A deletion variant of the α2B-adrenergic receptor (α2B-AR) has been associated with an increased risk of acute cardiac events in middle-aged men. Our aim was to determine the possible associations between the α2B-AR gene deletion variant and indicators of subclinical atherosclerosis in the brachial and carotid arteries. A total of 148 middle-aged men participating in an epidemiological twin study on risk factors for subclinical coronary heart disease were genotyped using PCR. Flow-mediated dilatation (FMD) of the brachial artery, carotid artery compliance and carotid intima-media thickness were measured using high-resolution ultrasound. FMD was 6.2±5.0% in subjects with the I/I (insertion/insertion) genotype, 5.5±4.1% in the I/D (insertion/deletion) group and 4.1±3.8% in the D/D (deletion/deletion) group (P = 0.03 for trend). In multivariate regression analysis controlling for age, presence of hypertension, smoking, use of angiotensin-converting enzyme inhibitors and plasma levels of low-density lipoprotein cholesterol and lipoprotein (a), the association between the α2B-AR genotype and FMD remained significant (P = 0.04 for trend). The α2B-AR genotype was not associated with intima-media thickness or carotid artery compliance. These findings indicate that subjects homozygous for the deletion allele of α2B-AR appear to have an increased risk of impaired endothelial function, which may provide an explanation for the previously observed increased risk of myocardial infarction in male subjects with this genotype. It is not known whether the association of the α2B-AR polymorphism with endothelial function is direct, or is mediated via altered sympathetic activation.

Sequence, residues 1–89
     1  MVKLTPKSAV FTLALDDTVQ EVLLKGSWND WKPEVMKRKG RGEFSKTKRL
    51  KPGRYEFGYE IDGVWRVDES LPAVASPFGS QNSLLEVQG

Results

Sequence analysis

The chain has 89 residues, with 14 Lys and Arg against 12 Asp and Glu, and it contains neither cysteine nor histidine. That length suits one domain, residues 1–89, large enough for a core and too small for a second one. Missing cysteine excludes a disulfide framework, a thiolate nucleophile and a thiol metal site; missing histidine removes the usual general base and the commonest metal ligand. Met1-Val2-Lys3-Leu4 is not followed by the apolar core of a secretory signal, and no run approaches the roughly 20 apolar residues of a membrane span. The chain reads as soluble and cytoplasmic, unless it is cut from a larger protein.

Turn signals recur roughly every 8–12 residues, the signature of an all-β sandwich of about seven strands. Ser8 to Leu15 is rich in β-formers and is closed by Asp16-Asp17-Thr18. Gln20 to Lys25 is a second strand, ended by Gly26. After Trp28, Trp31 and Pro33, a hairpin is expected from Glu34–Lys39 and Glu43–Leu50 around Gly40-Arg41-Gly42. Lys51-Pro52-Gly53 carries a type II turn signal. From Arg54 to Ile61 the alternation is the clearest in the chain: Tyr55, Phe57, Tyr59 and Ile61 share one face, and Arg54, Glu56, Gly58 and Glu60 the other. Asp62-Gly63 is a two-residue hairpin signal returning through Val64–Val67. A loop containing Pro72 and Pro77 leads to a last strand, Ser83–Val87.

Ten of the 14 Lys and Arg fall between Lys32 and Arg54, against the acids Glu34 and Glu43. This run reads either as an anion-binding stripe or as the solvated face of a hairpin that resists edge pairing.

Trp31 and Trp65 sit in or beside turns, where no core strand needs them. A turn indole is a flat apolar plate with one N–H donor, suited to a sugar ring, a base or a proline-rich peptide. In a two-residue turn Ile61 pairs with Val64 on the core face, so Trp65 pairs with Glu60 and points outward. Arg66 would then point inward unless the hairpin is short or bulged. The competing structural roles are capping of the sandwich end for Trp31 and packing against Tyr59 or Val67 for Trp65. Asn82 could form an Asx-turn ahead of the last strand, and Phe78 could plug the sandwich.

Deletion polymorphism in the α2B-adrenergic receptor gene is associated with flow-mediated dilatation of the brachial artery
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Paula HEINONEN, Laura JARTTI, Mikko J. JÄRVISALO, Ullamari PESONEN, Jaakko A. KAPRIO, Tapani RÖNNEMAA, Olli T. RAITAKARI, Mika SCHEININ; Deletion polymorphism in the α2B-adrenergic receptor gene is associated with flow-mediated dilatation of the brachial artery. Clin Sci (Lond) 1 November 2002; 103 (5): 517–524. doi: https://doi.org/10.1042/cs1030517
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